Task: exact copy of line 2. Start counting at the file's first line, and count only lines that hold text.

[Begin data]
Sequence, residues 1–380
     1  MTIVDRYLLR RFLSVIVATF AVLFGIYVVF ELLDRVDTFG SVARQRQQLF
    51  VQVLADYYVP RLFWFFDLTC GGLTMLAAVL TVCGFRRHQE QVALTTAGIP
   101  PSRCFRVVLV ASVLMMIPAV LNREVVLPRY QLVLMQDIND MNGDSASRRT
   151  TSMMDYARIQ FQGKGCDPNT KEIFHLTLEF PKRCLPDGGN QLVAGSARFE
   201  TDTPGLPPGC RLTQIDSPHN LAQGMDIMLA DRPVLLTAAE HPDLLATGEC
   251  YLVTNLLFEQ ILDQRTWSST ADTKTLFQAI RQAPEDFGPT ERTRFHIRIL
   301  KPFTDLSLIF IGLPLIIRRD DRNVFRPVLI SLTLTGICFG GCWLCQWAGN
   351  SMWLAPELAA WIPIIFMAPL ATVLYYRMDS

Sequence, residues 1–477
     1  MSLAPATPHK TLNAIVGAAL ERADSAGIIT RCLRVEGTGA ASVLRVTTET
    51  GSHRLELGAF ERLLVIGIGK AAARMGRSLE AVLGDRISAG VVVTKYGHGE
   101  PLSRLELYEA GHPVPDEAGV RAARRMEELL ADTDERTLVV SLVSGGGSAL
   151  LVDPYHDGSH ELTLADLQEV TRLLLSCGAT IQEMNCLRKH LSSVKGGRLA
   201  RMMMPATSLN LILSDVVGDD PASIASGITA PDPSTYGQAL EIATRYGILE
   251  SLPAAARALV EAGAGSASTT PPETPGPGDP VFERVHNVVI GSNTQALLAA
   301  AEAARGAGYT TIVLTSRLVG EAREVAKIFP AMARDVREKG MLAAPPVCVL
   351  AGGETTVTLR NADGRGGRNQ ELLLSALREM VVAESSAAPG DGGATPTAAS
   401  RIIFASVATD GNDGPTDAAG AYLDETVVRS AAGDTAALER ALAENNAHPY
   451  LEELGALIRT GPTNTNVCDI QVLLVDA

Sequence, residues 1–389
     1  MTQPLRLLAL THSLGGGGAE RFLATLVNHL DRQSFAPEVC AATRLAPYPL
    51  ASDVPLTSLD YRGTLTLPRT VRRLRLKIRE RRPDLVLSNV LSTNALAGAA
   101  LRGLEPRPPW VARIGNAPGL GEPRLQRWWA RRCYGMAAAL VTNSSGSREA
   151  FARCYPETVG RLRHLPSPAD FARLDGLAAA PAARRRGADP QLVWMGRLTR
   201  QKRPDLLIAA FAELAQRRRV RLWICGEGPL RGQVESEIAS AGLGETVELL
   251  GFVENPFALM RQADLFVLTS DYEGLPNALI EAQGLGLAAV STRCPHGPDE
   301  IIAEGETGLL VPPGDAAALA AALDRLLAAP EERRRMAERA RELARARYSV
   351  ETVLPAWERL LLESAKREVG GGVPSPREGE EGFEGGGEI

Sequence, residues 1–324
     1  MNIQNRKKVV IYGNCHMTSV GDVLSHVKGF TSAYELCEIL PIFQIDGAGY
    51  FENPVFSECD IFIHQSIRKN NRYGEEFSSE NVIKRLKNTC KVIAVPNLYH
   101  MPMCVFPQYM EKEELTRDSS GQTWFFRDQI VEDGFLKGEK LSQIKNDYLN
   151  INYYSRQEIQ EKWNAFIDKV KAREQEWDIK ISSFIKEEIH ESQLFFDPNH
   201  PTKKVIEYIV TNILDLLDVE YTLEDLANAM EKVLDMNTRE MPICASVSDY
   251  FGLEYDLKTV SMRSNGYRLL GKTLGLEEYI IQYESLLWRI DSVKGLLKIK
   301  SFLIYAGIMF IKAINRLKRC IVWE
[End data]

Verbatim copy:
     1  MTIVDRYLLR RFLSVIVATF AVLFGIYVVF ELLDRVDTFG SVARQRQQLF